After the closed-door vote, the council made the announcement of its action public,and said it had hired Providence lawyer Marc DeSisto to lead the investigation.
The only hint of the action in advance of the meeting was a cryptic executive session agenda item referring to “potential litigation” and an “investigation.”
Town Administrator Matt Wojcik said Thursday that the investigation concerned “personnel matters,” and was not an inquiry into matters considered to be criminal in nature.
He said the investigation is based on “complaints,” but he did not disclose the nature of the complaints or the identity of the complainants.
“If no new information comes forward,” he said, “the investigation will be based on what’s already been submitted.” It’s a “department-wide review,” he said.
Asked to comment about the investigation, Fire Chief Robert Lloyd said, “I am not at liberty to say, because it’s an ongoing investigation, and I would direct you to the town administrator or the town solicitor.”
Alluding to what Town Council President Ed Roderick and Town Solicitor Andrew Teitz had reportedly said about how long the investigation would take, Mr. Wojcik said he did not believe the investigation would take very long.
Mr. DeSisto, 58, has in the past been retained by the Interlocal Trust, the Town’s insurance carrier. It is not known if the complaints are the “potential litigation” referred to in the council agenda, or if they are being defended by the Trust.
Mr. DeSisto will be paid by the town at the rate of up to $175 per hour,
Asked about the investigation, Mr. DeSisto said, “I’m not making any statement.”
Background of resignations
The fire department has been plagued over the last several years with departures by trained firefighters, who have left to take work elsewhere, and been faced with the need to fill the vacancies by advertising and recruiting candidates whose applications have had to be processed by the town personnel board.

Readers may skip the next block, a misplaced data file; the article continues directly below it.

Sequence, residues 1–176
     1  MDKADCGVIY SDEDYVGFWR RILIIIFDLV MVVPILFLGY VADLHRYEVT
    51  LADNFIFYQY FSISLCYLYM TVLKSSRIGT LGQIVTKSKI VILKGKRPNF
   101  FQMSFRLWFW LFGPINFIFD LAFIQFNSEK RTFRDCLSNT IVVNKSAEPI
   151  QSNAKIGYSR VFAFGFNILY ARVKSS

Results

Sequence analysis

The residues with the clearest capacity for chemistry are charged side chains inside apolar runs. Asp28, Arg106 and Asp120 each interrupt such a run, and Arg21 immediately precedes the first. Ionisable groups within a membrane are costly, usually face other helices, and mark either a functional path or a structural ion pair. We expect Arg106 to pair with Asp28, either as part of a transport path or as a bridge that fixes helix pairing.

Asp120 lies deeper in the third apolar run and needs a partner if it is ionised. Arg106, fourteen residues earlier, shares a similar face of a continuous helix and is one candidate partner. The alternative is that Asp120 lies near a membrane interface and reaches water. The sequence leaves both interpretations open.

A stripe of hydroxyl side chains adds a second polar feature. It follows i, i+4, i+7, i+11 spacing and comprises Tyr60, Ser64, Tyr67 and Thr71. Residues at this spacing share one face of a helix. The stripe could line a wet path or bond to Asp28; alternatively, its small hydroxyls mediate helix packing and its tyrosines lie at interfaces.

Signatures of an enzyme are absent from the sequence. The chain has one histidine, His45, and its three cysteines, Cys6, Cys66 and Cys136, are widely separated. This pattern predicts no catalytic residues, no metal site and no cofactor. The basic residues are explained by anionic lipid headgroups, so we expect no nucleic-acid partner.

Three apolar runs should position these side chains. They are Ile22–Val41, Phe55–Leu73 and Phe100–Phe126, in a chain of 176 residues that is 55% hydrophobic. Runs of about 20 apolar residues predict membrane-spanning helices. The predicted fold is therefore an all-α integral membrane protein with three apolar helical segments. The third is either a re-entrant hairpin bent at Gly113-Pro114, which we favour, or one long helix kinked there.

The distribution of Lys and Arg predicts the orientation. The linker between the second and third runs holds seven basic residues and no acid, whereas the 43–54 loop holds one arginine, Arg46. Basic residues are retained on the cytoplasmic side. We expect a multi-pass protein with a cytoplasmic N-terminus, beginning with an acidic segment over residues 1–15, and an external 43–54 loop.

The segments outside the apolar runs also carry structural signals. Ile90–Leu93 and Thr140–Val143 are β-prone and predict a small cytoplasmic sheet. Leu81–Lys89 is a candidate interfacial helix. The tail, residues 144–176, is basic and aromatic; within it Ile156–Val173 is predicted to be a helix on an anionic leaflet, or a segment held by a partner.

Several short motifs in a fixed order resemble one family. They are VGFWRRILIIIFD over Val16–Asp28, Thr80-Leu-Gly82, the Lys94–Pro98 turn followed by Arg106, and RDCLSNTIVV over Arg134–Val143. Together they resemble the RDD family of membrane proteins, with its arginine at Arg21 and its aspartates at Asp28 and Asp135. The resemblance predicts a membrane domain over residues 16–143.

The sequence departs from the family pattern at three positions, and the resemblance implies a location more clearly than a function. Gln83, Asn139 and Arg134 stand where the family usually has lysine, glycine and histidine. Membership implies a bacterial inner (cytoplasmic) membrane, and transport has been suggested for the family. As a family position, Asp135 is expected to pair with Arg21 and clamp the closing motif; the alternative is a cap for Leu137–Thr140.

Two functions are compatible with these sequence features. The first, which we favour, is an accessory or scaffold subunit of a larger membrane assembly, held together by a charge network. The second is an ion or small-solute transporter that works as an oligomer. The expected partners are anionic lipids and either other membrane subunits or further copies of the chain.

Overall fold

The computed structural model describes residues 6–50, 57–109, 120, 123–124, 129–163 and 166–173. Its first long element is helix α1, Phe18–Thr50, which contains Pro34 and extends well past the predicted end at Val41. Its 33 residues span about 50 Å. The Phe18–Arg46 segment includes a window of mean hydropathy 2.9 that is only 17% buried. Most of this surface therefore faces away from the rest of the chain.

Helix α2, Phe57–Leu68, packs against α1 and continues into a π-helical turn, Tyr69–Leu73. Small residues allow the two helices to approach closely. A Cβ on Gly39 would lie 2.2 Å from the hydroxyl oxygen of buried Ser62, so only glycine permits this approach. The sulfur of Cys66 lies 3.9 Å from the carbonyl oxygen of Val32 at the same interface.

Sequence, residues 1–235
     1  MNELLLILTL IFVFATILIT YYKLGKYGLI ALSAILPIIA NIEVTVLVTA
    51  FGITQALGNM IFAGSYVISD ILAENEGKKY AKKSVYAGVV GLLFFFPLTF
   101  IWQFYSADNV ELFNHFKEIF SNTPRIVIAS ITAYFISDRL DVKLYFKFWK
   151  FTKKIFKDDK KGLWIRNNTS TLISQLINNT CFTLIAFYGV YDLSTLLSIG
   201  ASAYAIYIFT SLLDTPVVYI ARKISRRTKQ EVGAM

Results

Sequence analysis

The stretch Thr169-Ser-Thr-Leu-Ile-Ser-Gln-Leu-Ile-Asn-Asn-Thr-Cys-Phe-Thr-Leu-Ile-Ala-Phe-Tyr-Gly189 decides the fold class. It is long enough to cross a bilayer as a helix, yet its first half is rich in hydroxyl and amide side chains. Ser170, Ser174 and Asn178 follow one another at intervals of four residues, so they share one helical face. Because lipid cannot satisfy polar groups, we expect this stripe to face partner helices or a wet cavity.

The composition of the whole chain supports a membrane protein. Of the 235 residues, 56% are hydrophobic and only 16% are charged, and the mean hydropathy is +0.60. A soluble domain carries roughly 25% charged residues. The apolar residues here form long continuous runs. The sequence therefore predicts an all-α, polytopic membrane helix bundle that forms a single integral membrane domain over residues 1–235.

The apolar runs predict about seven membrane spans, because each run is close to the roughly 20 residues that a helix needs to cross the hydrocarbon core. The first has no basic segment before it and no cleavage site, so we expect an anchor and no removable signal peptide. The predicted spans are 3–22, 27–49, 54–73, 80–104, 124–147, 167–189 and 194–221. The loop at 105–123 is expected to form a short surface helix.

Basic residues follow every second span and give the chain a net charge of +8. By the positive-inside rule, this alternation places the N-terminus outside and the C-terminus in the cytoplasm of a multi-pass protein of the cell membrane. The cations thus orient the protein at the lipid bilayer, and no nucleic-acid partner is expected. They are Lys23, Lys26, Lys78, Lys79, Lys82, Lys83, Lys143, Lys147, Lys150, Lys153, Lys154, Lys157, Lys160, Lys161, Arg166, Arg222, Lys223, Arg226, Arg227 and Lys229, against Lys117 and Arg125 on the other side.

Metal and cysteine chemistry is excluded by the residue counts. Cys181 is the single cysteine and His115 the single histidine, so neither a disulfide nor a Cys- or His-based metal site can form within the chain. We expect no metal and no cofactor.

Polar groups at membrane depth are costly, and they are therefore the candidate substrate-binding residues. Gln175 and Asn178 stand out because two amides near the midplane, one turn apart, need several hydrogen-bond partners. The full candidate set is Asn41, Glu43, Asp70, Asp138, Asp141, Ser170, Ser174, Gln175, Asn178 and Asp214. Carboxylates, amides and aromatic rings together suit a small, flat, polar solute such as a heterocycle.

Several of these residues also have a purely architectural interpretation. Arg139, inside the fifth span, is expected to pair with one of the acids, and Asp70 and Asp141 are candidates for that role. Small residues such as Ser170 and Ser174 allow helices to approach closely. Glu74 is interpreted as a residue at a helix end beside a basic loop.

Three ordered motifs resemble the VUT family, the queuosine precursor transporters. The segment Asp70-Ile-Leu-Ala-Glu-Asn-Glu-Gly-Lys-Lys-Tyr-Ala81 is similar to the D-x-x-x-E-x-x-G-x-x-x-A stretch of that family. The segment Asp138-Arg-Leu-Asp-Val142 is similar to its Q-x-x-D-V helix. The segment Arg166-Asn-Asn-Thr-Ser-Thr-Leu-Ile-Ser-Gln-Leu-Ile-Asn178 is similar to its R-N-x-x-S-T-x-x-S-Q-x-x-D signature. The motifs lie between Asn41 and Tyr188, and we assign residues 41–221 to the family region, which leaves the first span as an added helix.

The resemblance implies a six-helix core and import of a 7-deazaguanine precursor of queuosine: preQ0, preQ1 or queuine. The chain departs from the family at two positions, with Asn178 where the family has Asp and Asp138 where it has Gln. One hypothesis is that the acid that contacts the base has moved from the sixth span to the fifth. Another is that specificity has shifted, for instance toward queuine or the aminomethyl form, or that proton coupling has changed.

The entire process has the potential for fostering complaints.
In addition, the departures, and the vacancies they create, along with the attendant reshuffling of personnel and shifts, has led to the generation of overtime work performed by the staff who remain.
At its meeting Monday night — under financial business (and prior to the executive session) — the town council unanimously approved the transfer of $80,000 from the department’s salary account to its overtime account.
The funds transferred were unpaid salaries that had accrued after the departure of firefighters who left to take jobs elsewhere.
In comments to the council Monday night, ChiefLloyd said he anticipated having to return to the council for authorization later this spring to transfer additional funds into the overtime account.
Chief Lloyd, in a January interview about departmental staffing, said, “the problem is in keeping people who can get better paying jobs elsewhere. We are the lowest paid department in the state.”
Chief Lloyd joined the department in January, 2005, and last year was paid $77,327 in 2013, according to a statewide salary survey of municipal officials. He is the third lowest paid fire chief among his counterparts in 11 comparable communities in the East Bay and the state.
In a memo to Interim Town Administrator Nancy Mello last November 21, presumably shared with the Town Council, Chief Lloyd predicted the need to utilize overtime. “The lack of a full staff of employees at this time is causing this department to use overtime moneys to cover vacant shifts,” he wrote.
Since May of 2012, nine employees have left to go elsewhere, Chief Lloyd said in January, and since January, 2010, the number rises to 15.
In a little over a year — between May 2012 and July 2013 — Tiverton firefighters left town to take jobs in Fall River, Warwick (2), Providence (2) Pawtucket, East Providence, and Newport.
Chief Lloyd said he interviewed those who left, to learn their reasons for leaving. Those reasons are: higher pay, potential for career advancement, and the fact that elsewhere they might be “less likely to be ordered to work on days off.”
During the January interview with Chief Lloyd, a 30-year old firefighter, in the station at the time, spoke about a decision he is considering, to leave the Tiverton department.